The Second Vatican Council spoke of the vocation of the laity to evangelize the world, and said this must be done through words and not just by good example (Decree on the Lay Apostolate, n. 6).
Clearly, if we are to be capable of explaining our beliefs to others, we must have a good understanding of those beliefs. So the Decree stated: “In addition to spiritual formation, a solid doctrinal instruction in theology, ethics and philosophy adjusted to differences in age, status and natural talents is required” (n. 29).
Suppose that at the end of the Council, in 1965, Catholics had taken that last sentence seriously. Suppose they had given, say, a couple of hours a week to learning about the Faith and related subjects. What wonderful knowledge they would have now!
They would have explored the mysteries of the Faith through reading Scripture, the Church Fathers, the theologians, the pronouncements of the divinely guided Magisterium. They would have explored the great questions that philosophers have discussed through the ages – and would have been guided in this especially by St Thomas Aquinas. (Note what Vatican II said about the perennial philosophy: Decree on Priestly Training, n. 15.)
They would have a good grasp of the big events in Church history, and be well versed in apologetics.
Sadly, this has not happened. Most Catholics have made no serious effort, and too often when they have tried to improve their knowledge of the Faith they have been led astray by unorthodox books and courses.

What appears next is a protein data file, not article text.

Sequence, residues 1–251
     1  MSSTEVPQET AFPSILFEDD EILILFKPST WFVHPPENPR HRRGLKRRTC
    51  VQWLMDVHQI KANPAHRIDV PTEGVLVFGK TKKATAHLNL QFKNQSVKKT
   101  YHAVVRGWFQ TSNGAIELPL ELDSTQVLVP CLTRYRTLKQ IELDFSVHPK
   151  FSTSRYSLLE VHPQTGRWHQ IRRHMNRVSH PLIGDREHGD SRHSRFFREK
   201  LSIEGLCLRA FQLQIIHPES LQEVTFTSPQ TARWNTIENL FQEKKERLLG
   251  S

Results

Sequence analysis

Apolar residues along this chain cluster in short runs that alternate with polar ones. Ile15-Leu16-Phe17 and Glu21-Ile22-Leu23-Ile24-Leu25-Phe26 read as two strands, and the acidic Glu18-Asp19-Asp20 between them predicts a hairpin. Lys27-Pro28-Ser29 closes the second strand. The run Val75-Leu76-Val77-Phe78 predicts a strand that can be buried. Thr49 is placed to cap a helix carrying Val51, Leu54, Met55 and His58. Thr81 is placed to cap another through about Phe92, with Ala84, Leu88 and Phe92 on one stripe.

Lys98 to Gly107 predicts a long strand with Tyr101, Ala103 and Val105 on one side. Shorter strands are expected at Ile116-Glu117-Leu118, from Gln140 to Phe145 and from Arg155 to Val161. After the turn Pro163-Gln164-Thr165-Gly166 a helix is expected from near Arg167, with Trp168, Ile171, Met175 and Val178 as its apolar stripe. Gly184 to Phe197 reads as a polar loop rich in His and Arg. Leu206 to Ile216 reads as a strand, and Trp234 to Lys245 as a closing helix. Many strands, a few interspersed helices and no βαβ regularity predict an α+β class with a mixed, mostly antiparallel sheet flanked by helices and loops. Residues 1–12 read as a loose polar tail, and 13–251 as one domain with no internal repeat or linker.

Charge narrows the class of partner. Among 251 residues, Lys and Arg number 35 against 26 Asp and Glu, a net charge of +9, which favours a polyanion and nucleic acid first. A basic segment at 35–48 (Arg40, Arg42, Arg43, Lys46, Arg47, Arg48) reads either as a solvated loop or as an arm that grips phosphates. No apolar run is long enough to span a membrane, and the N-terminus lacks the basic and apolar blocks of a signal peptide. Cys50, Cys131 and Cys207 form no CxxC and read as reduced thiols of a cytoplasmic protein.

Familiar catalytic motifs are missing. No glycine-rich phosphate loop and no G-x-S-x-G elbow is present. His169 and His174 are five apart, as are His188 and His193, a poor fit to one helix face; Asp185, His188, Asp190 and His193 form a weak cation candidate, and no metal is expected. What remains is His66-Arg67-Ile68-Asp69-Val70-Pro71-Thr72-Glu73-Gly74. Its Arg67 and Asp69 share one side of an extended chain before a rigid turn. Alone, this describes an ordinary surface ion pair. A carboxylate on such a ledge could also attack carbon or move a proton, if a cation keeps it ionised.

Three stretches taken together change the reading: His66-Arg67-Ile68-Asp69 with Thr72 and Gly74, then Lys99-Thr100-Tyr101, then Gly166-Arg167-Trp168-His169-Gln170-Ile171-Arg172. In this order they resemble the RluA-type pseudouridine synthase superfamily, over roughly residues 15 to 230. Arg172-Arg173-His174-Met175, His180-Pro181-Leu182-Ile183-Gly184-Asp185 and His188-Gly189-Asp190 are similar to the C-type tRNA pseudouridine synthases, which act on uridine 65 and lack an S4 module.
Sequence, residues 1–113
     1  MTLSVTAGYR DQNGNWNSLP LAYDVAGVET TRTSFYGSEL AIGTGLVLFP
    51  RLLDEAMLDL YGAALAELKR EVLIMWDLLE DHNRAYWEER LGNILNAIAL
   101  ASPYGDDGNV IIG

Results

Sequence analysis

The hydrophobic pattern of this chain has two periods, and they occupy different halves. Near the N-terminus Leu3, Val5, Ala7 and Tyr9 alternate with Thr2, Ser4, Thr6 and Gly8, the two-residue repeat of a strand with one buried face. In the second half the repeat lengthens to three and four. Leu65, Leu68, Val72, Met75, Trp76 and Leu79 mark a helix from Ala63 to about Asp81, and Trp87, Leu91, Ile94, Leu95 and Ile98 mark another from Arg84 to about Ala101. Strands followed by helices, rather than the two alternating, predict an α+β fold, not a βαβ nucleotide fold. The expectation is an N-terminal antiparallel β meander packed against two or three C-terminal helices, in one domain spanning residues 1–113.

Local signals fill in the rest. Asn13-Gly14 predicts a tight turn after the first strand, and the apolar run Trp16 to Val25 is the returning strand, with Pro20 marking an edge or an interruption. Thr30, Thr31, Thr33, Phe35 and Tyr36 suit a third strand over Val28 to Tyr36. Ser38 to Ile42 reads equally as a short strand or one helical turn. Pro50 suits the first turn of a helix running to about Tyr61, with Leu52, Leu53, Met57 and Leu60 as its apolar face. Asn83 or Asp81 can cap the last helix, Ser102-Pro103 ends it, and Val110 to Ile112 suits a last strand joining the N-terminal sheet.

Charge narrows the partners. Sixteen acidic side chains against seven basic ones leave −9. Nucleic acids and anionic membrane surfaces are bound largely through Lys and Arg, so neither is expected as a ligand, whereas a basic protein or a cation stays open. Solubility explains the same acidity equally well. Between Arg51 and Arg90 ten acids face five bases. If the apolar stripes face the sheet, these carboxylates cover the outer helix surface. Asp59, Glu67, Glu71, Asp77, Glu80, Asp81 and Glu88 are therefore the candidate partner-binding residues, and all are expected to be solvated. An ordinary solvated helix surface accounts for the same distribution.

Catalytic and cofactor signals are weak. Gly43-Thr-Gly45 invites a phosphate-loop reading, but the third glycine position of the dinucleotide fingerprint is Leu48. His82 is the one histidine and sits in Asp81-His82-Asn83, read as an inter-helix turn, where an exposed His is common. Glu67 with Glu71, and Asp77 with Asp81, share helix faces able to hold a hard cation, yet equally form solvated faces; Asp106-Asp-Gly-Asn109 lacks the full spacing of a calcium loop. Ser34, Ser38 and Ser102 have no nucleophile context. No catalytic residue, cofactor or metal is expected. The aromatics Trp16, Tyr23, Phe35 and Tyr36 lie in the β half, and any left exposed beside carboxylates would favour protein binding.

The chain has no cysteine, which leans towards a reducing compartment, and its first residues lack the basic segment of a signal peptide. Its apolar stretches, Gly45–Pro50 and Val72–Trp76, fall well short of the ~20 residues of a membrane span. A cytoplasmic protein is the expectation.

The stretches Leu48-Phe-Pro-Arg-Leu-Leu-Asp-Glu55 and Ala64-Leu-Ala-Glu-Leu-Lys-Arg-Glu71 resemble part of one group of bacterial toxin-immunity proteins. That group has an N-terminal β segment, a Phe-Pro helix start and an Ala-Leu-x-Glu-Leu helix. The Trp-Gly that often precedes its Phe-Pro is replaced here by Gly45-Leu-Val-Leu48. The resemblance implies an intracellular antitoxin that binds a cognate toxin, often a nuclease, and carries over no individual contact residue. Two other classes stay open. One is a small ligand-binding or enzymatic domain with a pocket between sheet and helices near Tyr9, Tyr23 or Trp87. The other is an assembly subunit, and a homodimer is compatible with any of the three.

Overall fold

What can be done? The Caroline Chisholm Library has sound books on the above topics, from early writers to the present, and ranging from elementary works to profound ones. We can all promote these treasures to the people we know, as well as using them ourselves.
The older we get the more difficult it is to learn. Realistically, many people have left it too late to advance far in the studies I have spoken of. But at least the value of these studies should be seen, and the fact that the Church urges them. Seeing this, we can all encourage people, especially young people, to pursue such studies and so attain wisdom in an age of folly.
I’ll mention just one of the authors whose books are in the Library, F. J. Sheed. Three of his books give an overview of theology: A Map of Life is the simplest, Theology for Beginners is a level higher, while Theology and Sanity is the most profound but is very clearly written – and in my opinion is his masterpiece.